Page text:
For An Annual Commitment Of Just $5 - Become An Individual Subscriber/Supporter Of
Subscriber Log In
Buffalo AFL-CIO Central Labor Council Denise Abbott,
Click Here for
Buffalo CLC Web Site
Niagara-Orleans AFL-CIO Central Labor Council Jim Briggs,
Click Here for
Niagara-Orleans CLC Web Site
Karen Butinski,
Click Here for Web Site
:"" Don Williams, Jr.,
Click Here for Web Site
David Wilkinson,
Click Here for Web Site

Recent News

More news >>

Despite A Valiant Effort By The New York State Building Trades, The New State Budget ‘Fails To Close’ The Public Works Loophole - Union Officials Say Their Opponents ‘Misled’ Lawmakers ‘With A Slew Of False’ Cost Figures

Published Tuesday, April 2, 2019
by Labor News Services & Staff
Despite A Valiant Effort By The New York State Building Trades, The New State Budget ‘Fails To Close’ The Public Works Loophole - Union Officials Say Their Opponents ‘Misled’ Lawmakers ‘With A Slew Of False’ Cost Figures

(ALBANY, NEW YORK) - Despite the valiant efforts of the New York State Building Trades, with help from the New York State AFL-CIO and a major rally of Tradespeople at the State Capitol, State Leaders reached a budget agreement for fiscal year 2019 that failed to include the proper definition of Public Works.

Properly defining Public Works had been touted by advocates as a common sense reform to apply Anti-Corruption Protections and family-supporting Prevailing Wages to all construction projects that receive public assistance.

To protect taxpayers from wasteful spending and corruption, New York requires competitive and transparent public bidding by contractors on all Public Works Construction Projects.  Unfortunately, a loophole in State Law allows millions of taxpayer dollars to be spent without the anti-corruption and transparency demanded of traditional Public Work Projects.

Increasingly, economic development projects across New York State fall through this loophole, advocates said, which allows public money to bypass these safeguards as it goes to private interests.

Closing the loophole, they argued, by properly defining Public Work to include all projects supported with public money will provide much needed accountability and transparency in government spending.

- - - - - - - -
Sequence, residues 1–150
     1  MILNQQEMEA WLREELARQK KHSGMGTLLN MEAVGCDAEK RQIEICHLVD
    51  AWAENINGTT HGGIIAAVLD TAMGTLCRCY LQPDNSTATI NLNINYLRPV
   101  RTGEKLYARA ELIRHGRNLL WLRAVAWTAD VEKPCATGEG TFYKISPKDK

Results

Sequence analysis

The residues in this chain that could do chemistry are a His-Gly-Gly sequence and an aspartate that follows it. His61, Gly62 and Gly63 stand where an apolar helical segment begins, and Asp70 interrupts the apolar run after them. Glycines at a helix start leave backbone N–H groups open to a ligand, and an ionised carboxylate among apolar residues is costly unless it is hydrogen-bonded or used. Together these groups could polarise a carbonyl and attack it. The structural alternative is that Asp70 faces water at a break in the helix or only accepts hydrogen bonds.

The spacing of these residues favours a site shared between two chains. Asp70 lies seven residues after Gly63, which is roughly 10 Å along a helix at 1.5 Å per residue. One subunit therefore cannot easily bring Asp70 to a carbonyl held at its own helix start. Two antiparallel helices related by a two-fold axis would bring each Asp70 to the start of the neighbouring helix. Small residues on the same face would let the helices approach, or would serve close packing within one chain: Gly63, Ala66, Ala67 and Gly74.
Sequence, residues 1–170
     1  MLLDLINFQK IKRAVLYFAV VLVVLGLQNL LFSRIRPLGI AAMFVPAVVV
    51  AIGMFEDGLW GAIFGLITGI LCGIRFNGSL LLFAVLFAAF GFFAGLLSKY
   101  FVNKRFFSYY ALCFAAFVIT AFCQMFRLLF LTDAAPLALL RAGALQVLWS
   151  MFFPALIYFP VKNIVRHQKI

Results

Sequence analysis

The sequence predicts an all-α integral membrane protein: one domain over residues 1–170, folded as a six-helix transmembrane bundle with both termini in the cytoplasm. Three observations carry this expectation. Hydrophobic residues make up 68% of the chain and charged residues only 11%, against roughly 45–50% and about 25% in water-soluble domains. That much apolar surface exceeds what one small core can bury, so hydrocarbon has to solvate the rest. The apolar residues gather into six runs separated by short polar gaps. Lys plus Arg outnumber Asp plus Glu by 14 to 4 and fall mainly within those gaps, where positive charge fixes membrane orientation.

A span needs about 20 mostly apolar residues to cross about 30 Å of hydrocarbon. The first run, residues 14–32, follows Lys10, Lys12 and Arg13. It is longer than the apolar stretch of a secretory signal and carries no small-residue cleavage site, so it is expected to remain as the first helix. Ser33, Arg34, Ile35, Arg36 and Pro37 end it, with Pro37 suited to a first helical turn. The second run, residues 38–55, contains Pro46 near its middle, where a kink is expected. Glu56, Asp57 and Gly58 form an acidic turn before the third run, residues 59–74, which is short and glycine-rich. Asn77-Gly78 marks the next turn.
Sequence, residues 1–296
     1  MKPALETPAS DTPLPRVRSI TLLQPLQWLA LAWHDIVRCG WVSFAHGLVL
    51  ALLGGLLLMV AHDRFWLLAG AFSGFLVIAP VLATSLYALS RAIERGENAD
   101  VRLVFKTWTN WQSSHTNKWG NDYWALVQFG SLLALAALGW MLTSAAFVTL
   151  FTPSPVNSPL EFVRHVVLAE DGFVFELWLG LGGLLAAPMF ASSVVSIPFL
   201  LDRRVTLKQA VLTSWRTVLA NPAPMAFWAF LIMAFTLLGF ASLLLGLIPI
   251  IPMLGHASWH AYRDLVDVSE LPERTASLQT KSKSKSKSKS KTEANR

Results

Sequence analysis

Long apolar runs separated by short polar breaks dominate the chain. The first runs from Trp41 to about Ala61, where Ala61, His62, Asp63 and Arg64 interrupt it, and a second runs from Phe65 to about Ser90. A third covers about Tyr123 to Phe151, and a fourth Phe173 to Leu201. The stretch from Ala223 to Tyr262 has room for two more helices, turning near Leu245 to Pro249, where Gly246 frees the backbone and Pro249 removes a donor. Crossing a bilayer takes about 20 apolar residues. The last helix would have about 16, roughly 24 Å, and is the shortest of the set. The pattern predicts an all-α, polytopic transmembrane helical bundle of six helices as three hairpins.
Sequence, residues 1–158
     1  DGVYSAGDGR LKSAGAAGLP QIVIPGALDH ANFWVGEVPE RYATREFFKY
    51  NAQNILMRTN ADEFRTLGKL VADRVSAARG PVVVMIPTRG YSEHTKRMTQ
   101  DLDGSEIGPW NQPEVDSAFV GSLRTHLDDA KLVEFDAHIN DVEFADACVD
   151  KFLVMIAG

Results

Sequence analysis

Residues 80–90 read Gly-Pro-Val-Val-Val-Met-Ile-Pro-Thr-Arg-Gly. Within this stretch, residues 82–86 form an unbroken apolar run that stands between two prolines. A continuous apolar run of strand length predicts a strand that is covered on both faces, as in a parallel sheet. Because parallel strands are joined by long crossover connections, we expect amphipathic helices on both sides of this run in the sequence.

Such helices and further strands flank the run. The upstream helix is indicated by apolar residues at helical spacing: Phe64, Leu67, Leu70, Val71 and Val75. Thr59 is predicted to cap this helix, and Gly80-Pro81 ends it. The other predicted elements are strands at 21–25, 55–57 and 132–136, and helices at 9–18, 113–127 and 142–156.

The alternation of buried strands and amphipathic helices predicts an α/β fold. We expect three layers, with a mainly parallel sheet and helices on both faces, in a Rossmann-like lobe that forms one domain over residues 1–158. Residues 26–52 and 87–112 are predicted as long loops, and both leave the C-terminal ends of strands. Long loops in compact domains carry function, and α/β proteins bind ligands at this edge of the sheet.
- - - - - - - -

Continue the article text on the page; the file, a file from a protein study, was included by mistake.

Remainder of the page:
However, they said, the measure’s opponents successfully muddied the water by spreading misinformation to suggest it would result in “huge” increases in construction project costs.

But the truth advocates says is this: Defining Public Works would reward both Workers and taxpayers, and not the wealthy and irresponsible contractors exploiting a flawed system.

Economists Frank Manzo, Alex Lantsberg and Kevin Duncan have said “the overwhelming majority of peer-reviewed research conducted over the last fifteen years forms the consensus view that construction costs ‘are not affected by’ Prevailing Wages.”

Sixteen other States across the country apply a more comprehensive definition of Public Work, which apply Middle Class Prevailing Wages.  Unsurprisingly, the doomsday scenario of huge cost increases and less development, which opponents have claimed would befall New York, has not materialized in these other States. 

New York State Building & Construction Trades Council President James Cahill joined with New York State AFL-CIO President Mario Cilento in released the following statement just prior to the budget being revealed: Restoring the Constitutional requirement that the Prevailing Rate be paid to Workers on publicly-funded construction projects is a priority for the New York State Building and Construction Trades Council and has the full support of the New York State AFL-CIO.  This issue needs to be included in this year’s State Budget so that taxpayers can be confident we are creating Middle Class Jobs for New Yorkers when public funds are used.  To expedite that process, we support discussions to address affordable housing and establish reasonable thresholds for projects financed by IDAs and LDCs, or as an alternative, to allow the Department of Labor to continue to be a part of that process.

Hundreds of Construction Workers, decked out in orange and yellow, filled the state Capitol Building in the waning days before the budget was announced in a final push, shouting: “End corporate welfare, pass Public Works!”

While the New York State budget was a missed opportunity, the New York Foundation for Fair Contracting - a non-profit organization established to “level the playing field’ in Public Works Construction for the benefit of taxpayers, responsible contractors and Workers, said it looks forward to when all taxpayer-funded construction goes to the lowest responsible bidders, not the most politically well-connected contractors.

For More On This Labor News Report, Read The New York Daily News Story: Union Workers And Day Laborers Join Forces In Push For Prevailing Wage at





Leave a Comment